Q: This summer the team seems to be in a unique position with the running back group. Five players, obviously in the preseason, that have been playing really well, and we all have seen what Brandon Bolden has done throughout his career. He's won. How pleased are you with that group and their progression? Just how unique is it of a situation where you have six players at the running back position that could make an impact for your team?
BB: It's always good to have good players, and we're very fortunate to have the quality of players and people. I would say the dependability of that group has been good as well. That's important as well. It's a very competitive group. They all have been productive in a number of different ways with the ball in their hands, in the passing game, in the return game. Just a daily level of consistency from all those guys have been good. We've had other years where we've had a lot of depth at running back. I mean when you take a player like James White, who wasn't even active for whatever it was, 14 games his rookie year, that's good depth too. We'll see how things turn out, but yeah. It's great to have good depth and good players at any position, but especially that one. That group works well together. They work together and help each other and work with each other. The veteran players have helped some of the guys with a little less experience, but they've all been productive, and I think they all can help our team win.
Q: I just wanted to mention on the passing Floyd Reese over the weekend. I know that you had mentioned it in the statement, but he was just seemingly an incredibly nice guy, and I just wanted to maybe give you an opportunity if you wanted to say anything because I know how big a role he played in the beginning of the last decade?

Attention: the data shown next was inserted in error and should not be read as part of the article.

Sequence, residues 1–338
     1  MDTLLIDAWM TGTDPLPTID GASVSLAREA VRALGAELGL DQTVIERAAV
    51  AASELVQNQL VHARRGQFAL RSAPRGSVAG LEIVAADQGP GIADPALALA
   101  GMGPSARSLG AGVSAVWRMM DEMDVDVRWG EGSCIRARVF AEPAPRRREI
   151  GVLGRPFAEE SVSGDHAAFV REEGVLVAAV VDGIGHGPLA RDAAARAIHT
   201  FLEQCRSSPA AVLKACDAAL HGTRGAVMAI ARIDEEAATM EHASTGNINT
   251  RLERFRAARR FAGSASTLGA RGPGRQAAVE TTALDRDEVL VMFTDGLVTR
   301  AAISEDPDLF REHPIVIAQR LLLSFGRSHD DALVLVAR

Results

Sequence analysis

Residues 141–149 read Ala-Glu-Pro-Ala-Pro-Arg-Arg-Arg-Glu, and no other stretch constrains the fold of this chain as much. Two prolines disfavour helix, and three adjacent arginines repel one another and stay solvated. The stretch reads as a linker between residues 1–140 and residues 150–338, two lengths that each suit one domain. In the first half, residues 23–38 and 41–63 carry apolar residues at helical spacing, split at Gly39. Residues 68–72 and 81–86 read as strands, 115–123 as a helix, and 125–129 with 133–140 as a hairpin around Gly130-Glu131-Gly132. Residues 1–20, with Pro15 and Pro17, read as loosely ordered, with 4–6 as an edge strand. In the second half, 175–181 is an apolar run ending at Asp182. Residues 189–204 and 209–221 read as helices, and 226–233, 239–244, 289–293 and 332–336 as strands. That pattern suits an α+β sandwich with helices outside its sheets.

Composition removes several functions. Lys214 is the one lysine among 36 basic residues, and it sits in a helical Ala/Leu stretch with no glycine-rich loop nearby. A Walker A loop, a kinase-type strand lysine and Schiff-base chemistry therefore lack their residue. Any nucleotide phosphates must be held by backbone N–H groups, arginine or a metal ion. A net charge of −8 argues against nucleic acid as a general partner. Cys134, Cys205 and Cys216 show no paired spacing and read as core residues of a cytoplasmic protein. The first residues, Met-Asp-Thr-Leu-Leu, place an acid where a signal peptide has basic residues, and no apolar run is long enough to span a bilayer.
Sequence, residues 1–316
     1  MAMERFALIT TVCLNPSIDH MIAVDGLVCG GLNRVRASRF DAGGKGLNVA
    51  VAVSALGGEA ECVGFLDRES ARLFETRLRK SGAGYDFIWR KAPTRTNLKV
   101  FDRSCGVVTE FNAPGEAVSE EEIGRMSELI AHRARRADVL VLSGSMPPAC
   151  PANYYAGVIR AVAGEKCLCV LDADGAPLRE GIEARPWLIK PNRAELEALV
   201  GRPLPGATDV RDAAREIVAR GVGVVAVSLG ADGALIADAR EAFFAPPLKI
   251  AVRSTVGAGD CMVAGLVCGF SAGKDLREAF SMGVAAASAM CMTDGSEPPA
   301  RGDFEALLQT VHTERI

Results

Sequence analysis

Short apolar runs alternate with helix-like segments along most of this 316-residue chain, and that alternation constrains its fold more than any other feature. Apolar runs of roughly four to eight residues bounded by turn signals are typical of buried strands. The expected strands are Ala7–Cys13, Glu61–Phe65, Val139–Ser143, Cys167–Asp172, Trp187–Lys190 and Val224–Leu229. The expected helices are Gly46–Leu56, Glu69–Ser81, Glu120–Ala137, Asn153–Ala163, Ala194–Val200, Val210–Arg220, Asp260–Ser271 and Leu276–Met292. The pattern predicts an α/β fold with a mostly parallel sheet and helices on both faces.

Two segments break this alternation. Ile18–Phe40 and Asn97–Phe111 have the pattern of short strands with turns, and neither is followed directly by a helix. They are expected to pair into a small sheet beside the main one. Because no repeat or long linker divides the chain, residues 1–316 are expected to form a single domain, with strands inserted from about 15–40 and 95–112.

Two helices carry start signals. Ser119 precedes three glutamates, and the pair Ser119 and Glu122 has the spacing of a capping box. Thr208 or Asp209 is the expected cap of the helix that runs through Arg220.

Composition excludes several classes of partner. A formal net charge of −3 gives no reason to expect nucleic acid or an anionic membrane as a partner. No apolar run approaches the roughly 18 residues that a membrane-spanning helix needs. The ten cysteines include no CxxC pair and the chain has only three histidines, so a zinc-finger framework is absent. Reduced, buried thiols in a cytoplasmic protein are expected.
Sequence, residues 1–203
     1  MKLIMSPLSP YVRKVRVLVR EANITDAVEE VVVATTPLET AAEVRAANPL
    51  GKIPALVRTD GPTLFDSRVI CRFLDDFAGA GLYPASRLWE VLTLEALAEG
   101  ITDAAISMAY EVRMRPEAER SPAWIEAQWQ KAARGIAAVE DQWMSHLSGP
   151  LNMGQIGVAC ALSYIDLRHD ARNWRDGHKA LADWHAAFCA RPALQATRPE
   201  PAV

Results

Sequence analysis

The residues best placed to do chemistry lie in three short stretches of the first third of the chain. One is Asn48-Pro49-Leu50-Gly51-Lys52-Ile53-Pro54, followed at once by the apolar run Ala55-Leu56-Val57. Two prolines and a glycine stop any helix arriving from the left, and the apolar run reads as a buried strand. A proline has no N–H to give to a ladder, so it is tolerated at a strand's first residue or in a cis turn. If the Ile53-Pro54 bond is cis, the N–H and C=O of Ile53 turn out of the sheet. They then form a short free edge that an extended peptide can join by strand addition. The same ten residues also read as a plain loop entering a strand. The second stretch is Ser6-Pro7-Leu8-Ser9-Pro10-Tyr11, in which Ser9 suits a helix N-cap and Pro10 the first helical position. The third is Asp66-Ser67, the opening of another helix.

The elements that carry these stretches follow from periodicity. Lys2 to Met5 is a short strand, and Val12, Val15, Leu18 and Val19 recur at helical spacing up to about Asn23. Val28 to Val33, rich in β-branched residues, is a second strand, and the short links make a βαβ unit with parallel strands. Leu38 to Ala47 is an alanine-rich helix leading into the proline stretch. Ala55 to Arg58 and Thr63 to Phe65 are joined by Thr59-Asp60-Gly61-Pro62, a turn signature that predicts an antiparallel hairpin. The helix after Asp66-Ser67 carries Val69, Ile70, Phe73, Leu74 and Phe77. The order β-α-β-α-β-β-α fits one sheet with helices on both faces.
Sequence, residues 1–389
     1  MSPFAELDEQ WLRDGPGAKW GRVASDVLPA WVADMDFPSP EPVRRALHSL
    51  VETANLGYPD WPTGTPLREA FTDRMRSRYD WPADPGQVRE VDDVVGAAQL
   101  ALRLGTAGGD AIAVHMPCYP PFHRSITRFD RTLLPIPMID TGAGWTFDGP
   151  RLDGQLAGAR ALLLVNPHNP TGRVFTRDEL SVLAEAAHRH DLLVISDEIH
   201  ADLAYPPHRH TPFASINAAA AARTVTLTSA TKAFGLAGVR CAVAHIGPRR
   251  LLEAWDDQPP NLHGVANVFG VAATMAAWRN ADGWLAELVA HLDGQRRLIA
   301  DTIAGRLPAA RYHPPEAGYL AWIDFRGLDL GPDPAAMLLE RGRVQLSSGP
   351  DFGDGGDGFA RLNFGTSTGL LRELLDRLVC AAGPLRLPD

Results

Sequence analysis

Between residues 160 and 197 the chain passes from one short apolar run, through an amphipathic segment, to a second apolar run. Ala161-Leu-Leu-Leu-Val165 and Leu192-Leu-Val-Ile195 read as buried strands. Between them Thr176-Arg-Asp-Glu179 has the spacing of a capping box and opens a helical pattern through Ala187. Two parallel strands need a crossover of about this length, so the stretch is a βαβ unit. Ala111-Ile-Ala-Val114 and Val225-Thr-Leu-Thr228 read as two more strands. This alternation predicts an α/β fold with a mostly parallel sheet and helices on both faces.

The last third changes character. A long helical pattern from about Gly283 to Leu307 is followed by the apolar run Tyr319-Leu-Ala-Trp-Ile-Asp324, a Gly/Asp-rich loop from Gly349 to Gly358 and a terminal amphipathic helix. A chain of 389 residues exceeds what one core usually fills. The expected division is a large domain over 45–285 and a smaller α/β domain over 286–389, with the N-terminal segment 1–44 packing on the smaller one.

BB: Floyd's really had an interesting career. He had a great career at UCLA, and then he went and played in Canada. As an undersized defensive lineman, like I don't know, 5'11" or whatever he was, but very strong and athletic. He was a good player but didn't have a lot of length. Played well in Canada. Then when I went to Detroit, Floyd ran the strength program, and obviously he was very experienced and competent in strength training, especially at that time. That was sort of typical of that point in the seventies where one of the position coaches would also double as a strength coach. A lot of times a position coach would double a special teams coach. So, I learned a lot working with Floyd about strength training, managing that room, that group of people, special teams. He was there with Jerry [Glanville], and then when Jerry left, Glanville left. Then Floyd handled the special teams in '77. That was good. Floyd and I lived a couple streets away from each other, so we rode back and forth to games and work at times. I had a lot of conversations there about various things that at that point in my career gave me a lot of insight. I've been in Baltimore, but Floyd had a lot of other experiences that he shared. He's been a great friend. Obviously did a great job with the Titans, the team and the players that he drafted down there they put together. Well going back to Houston, when he was at Houston down there too with you know, Jerry and I think Jeff [Fisher] was on that staff, and then they went to Tennessee. Floyd did a lot in terms of putting that franchise together as he transitioned from being a linebacker coach, defensive coordinator to moving into the front office. He and I had a long friendship on a lot of different levels. Certainly appreciate everything he did during the time that he was here. As a friend, as an advisor, with contracts and some other GM-type responsibilities that he worked with and assisted us with. He was always positive. Every day was a good day with Floyd, but he was a hard worker and a tough competitor. My sympathy goes out to Sally and the boys and his family. He had a long hard fight with cancer, and honestly, hardly any of us knew about it, and that was the kind of kind of person that he was. Great, great impact on me and on the National Football League over the last 40-some years including his roles and media and so forth. I'm sure he added a lot of insight to the fans in Tennessee on his shows and so forth because he had so much experience in so many different roles in the NFL. So, thanks for the question, Tom [Curran].